How Do You Decide What to Test in Direct Mail? 

Do you have three tested direct mail packages waiting in the wings to use when your control starts to fatigue? If you don’t, you should. It’s never a question of if a control will die, it’s when. So what is most important to test now to get to that breakthrough package? Here are some ideas.

Direct mail testDo you have three tested direct mail packages waiting in the wings to use when your control starts to fatigue? If you don’t, you should. It’s never a question of if a control will die, it’s when. So what is most important to test now to get to that breakthrough package? Here are some ideas.

Smart direct mail marketers are constantly testing. It may be the offer, positioning, format or anything else — but what variable gets you the biggest bang for the testing dollar? And which test delivers the most favorable cost per acquisition?

Traditional mail testing can be very expensive, time consuming and yield limited insight if not executed correctly.

After personally overseeing and writing multitudes of direct mail packages, it’s still tough to choose just one variable to test. The reality is that several variables should be tested all at the same time to get to a new control faster. These are the types of tests I’ve found most successful in revealing key attributes for a new control:

  • Your offer is highly influential in your response. If you’re testing price (most typical), you can test dollars off or percent off. I’ve found offering dollars off to be best, but every market is different.
  • Are you including a bonus or free gift?
  • Repositioning your product — or testing a new unique selling proposition — can reinvent your complete message and offer to produce sizeable increases in response rates.
  • A new production format can refresh an existing control. Perhaps you’ve used a #10 outer envelope for a long time. A simple switch to a #9 or #11 envelope can make a difference.
  • I like to include showstopper text and graphics on my envelopes, each worth about a half-second of time for the recipient to pause and study the OE. I’ve found elements such as faux bar codes, handstamps and seals yield favorable impact.
  • Evaluating data overlays from models or profiles will return tremendous information and insights. But if you don’t spend the time to interpret it and imagine the possibilities, you can overlook great new ideas.

So with all these test possibilities and data, what variables should you test?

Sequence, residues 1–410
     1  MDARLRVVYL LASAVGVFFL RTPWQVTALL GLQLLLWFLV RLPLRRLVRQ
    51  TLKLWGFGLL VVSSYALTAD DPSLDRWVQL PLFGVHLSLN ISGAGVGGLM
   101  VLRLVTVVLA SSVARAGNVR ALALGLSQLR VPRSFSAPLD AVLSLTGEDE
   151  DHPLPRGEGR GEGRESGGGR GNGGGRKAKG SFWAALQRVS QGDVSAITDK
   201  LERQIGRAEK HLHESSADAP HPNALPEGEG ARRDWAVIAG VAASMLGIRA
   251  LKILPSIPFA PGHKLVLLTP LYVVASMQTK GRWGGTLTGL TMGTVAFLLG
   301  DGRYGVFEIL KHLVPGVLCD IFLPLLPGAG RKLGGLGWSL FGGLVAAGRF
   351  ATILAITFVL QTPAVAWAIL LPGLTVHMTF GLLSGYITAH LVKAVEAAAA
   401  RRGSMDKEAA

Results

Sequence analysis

In my last column, I shared a new Bayesian Analytics methodology that I think will upend direct mail testing as we know it today. Bayesian Analytics isn’t new, though its current applications are new and spreading to many fields, including weather forecasting, insurance risk management and health care policy. Later this month I’m moderating an online session on this topic (learn more at my website).

A/B testing is effective, but usually builds a new control quite slowly (how many times have you tested, only to find the test performed under your control?). Multivariate testing enables you to isolate variables and achieve a new control more quickly, but it still takes several packages to confidently identify the winner. But the use of Bayesian Analytics in direct mail gathers substantially more testing insight and produces more cost savings, while taking less than half the time of traditional testing.

I believe in taking out the guess-work of testing where it’s possible. Otherwise it is easy to incorporate our own personal emotional appeals and biases, like when we say “I’d never respond to that!” We’re probably not our own market. We’re often wrong, even as informed as we are about our products and audiences.

My point is this: You must keep testing. Test outside your comfort zone. Let your prospective customers tell you what variables they’d respond to by using Bayesian Analytics methodology to deliver the emotional insights that big data can’t deliver.

If you don’t have at least three tested packages, or knowledge of what variables form the magic combination necessary to increase response rates, Bayesian Analytics will save you a lot of time and resources.

Download my new report, “Predicting Direct Mail Results Before You Mail” to learn more about Bayesian Analytics.

Direct-Mail Testing Upended With Bayesian Analytics 

Direct-mail marketers have relied on either A/B testing or multivariate testing to evaluate winning campaigns for generations. Those evaluations, unfortunately, weren’t always based on statistics, but on educated guesses or office surveys. But a confluence of technology and something called Bayesian Analytics now enables direct mailers to pre-test and predict responses before mailing.